An integrated approach to implement and sustain energy efficiency and greenhouse gas mitigation in South Africa / by Willem le Roux den Heijer
Den Heijer, Willem le Roux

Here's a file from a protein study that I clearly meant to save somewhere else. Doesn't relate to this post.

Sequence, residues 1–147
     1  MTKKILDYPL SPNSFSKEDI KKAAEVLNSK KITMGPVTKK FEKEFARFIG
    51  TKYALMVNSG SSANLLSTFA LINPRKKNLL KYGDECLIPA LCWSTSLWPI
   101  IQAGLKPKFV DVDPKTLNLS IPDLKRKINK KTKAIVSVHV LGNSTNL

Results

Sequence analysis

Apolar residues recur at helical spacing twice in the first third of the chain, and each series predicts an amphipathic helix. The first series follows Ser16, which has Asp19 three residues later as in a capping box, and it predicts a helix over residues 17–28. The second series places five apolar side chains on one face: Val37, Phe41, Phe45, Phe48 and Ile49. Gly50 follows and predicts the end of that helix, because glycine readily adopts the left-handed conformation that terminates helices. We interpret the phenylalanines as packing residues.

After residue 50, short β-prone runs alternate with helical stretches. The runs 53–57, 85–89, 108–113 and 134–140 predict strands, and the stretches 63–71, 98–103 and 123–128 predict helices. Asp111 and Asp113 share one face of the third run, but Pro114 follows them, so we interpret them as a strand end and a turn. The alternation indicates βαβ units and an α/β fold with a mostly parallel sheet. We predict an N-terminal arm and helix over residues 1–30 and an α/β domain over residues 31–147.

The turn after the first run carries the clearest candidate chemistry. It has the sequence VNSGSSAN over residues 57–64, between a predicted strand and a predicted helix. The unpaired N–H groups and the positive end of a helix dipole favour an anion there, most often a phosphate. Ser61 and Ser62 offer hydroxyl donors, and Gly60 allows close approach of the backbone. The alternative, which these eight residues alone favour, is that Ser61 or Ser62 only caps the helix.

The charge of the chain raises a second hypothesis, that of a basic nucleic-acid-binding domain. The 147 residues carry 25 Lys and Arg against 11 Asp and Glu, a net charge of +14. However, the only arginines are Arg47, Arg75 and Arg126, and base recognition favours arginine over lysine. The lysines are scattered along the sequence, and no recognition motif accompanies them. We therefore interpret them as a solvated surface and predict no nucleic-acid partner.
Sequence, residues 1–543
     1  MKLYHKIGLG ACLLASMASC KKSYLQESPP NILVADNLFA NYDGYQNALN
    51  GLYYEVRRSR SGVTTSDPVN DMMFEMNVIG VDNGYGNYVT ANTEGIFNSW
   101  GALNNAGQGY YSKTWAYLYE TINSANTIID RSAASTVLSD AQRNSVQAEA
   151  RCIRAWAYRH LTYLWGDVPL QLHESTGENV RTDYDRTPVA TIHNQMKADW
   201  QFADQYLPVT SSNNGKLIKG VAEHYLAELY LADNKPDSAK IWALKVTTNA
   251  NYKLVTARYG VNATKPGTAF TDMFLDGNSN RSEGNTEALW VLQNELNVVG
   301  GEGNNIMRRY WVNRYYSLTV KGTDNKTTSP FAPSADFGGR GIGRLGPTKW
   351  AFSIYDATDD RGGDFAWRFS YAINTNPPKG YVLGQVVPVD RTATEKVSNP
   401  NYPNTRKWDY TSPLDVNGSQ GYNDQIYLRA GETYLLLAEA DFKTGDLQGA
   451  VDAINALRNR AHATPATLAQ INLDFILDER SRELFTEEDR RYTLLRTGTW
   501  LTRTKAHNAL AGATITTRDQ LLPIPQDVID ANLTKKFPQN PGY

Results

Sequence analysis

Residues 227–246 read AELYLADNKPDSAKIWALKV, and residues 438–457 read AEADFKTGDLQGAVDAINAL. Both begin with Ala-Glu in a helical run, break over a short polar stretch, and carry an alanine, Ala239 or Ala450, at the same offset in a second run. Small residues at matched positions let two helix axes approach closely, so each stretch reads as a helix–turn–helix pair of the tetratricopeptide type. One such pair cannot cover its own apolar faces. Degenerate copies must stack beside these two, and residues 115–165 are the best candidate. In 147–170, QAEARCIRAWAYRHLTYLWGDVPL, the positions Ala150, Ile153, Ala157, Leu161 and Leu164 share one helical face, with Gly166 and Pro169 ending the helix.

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South Africa is one of the most industrialised countries in Africa. The country is extremely energy-intensive for a number of reasons, which include a lack of awareness of energy efficiency and demand-side management (DSM), the low cost of electricity, the absence of energy conservation regulations and standards, lack of driving force, limited experience and track record of energy service companies as well as the financial viability of projects. It is anticipated that South Africa will have run out of excess capacity by 2007, a fact that is forcing Eskom to take action to reduce peak demand by means of certain initiatives. This in turn has led to electricity becoming more expensive during certain periods of the day. The result is an increasing need for energy efficiency and demand-side management by end users, regulating bodies and Government. It is, however, critical that projects, implemented under the above-mentioned barriers, deliver impacts that can be sustained over time, otherwise the benefits would only be short-term and of no value to the stakeholders. Measurement and verification are important and necessary aspects of any energy-efficiency, demand-side management or dean development mechanism (CDM) project. It allows for the objective quantification of the project's impacts by a third party, thus lending credibility to the project outcomes. Its greatest benefit, if conducted correctly, is the increased sustainability of projects and their impacts. Energy efficiency also makes a direct contribution to the reduction of greenhouse gas emissions. The fact that South Africa is able to participate in greenhouse gas (GHG) mitigation through the clean development mechanism offers an opportunity to increase the financial viability of energy-efficiency projects, whilst achieving GHG mitigation. Once again measurement and verification would be critical to the success and sustainability of these energy-related greenhouse gas mitigation projects over time. A need was subsequently identified to develop an integrated approach that provides a clear methodology that could be applied to accurately quantify and verify the savings and impacts that emanate from energy efficiency, demand-side management and greenhouse gas mitigation projects. If applied correctly, the integrated approach would help with the sustainable implementation of energy efficiency, demand-side management and greenhouse gas mitigation projects in South Africa. This study proposes such an integrated approach that provides a methodology that builds on international protocols. It provides a flexible, clear, accurate and transparent methodology to assist in the sustainable implementation of projects. The integrated methodology has been accepted as the standard by which South Africa's parastatal utility, Eskom, prefers implementation together with measurement and verification on their DSM-funded projects. The approach has proved to be flexible, transparent and replicable. It has facilitated better project implementation on a number of occasions and proved to provide accurate and verified results to all the stakeholders, which include the demand impact during each time-of-use (TOU) period, the impact on electricity consumption, the impact on the monthly and annual electricity accounts of end users and the environmental impacts such as GHG emissions and water consumption.
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